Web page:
1. goal which they plan to attain by

1.           LongTerm.

    In the longterm, the IN would want to extend its strategic gape to cover the South ChinaSea, the Pacific, the Red Sea and maybe beyond in an attempt to become the soleregional policeman. At this stage, the significance of the backing of externalpowers would lessen as India itself would consider itself talented enough ofnot only managing its own schedule and objectives but also providing thenecessary support required in the region. This however would depend on howrapidly India is able to develop its local military industrial infrastructurethat would eventually weaken its need on external sources for hardwaresupplies.2.

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           The Indian Navy is endeavoring to project powerthrough “Reach, Multiplied by sustainability” across its Legitimate areas ofinterests. Modernization/Indigenization: Building Indian sea power through asustained program of naval expansion is a precondition for a global role. TheIN has realized that great fleets need to be built and not bought. To progressas a truly sea faring nation it must have the internal capability to match itsmaritime dreams and ambitions.   While considerableassets and technology are being acquired from other countries, the primaryemphasis remains on developing indigenous capability.   As many as 37 ships are under constructionin Indian shipyards.3.

           The Indian Navy has deliberately taken thedifficult route of indigenization in consonance with the national attempttowards self-sufficiency. The Navy boarded on a program for indigenousconstruction of ships and development of major sub systems, sensors and weaponsystems with the help of the Defense Research and Development Organization(DRDO) and the Defense Public Sector Understandings (PSUs). The present rate ofconstruction is stressed at around 1-6 ships per year.  To meet the target by 2020 the rate of shipbuilding needs to accelerate to 5-6 ships per year.

Self-reliance throughindigenization has been the Navy’s administrative viewpoint over the last halfcentury.4.           The Budget distribution for the Indian Navy hasbeen around 16% of the overall military budget which has now been increased to18%.5.           The agreement for the generation of the Russianvessel Gorshkov has finally been given. The Russian Gorshkov has now been launchedas the Indian Navy Ship (INS) Vikramaditya. Plans are now being made for inauguratinga third carrier.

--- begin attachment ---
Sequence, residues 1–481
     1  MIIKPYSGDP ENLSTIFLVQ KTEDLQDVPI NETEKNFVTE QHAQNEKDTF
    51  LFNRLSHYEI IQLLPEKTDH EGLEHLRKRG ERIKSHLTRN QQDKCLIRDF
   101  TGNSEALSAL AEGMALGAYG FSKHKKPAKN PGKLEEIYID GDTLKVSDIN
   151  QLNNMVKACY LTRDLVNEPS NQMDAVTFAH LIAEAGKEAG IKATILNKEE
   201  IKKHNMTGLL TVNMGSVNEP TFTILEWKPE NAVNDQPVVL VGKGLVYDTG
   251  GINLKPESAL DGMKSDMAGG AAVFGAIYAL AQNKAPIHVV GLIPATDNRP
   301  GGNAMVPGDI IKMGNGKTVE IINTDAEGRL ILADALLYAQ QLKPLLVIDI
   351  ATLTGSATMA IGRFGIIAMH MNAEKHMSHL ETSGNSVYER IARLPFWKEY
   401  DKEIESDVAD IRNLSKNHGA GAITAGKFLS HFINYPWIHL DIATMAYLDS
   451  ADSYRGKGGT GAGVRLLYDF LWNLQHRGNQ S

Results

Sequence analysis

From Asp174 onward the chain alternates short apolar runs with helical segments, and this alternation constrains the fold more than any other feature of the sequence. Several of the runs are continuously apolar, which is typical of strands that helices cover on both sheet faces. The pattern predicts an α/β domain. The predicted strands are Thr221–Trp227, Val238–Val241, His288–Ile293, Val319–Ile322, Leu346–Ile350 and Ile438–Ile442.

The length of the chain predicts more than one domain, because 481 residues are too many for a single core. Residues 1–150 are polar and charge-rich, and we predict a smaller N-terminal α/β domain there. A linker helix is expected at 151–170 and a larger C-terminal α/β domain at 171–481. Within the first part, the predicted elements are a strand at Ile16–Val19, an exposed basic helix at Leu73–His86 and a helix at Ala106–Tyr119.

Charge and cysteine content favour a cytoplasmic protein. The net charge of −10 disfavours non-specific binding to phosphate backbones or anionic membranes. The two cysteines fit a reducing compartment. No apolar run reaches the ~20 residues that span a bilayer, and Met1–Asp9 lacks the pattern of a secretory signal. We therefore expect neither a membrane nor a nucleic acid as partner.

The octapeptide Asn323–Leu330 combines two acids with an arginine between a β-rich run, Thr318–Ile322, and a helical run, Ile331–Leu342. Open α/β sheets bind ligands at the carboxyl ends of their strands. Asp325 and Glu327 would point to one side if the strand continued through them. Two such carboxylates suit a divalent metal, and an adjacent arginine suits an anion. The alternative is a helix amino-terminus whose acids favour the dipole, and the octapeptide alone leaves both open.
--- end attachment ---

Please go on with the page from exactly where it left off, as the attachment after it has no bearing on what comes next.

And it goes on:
With the arrival of the third carrier it would become mucheasier to carry out routine maintenance of the carriers which, in turn, improvesthe life of the carriers. The first carrier was neutralized only because therewas no replacement for it and it was being over used with insufficient preservation.The upgrading plan for the Indian Navy requires three carriers; a goal whichthey plan to attain by 2020.6.           The following procurements/weaponries of theIndian Army, navy and Air force demand special attention. a.

             T-90Bishma.           All in all, India aspires to have 320T-90S and 1,340 T-90M             tanks in service by 2020 (total of 1,660 tanks with upgradation of night     visions by             2020). Man-made locally in India,Rs12, 000-crore       purchase of 350       new T-90MS tanks for six tank regimentsfor the           China border has been      permitted. This takes total no. of T-90tanks to      2010. In an effort to improvenight-fighting capacity, 1500 night vision   devicesfor drivers are to be acquired. They are based on uncooled             thermal imaging technology developedby Indians Defence research and development organization.

 b.     M777 howitzer: With a weight of 4.2 tons, the M777 is 43%             lighter than the 7.1 ton M198howitzer that it interchanges. Much of            theweight decrease is due to the increased use of titanium. The M777 has multipletransportation options. It can           betransported by helicopter or towed by air-braked vehicles weighing over 2.5 tonessuch as the Family of Medium Tactical Vehicles and Medium Tactical VehicleReplacements.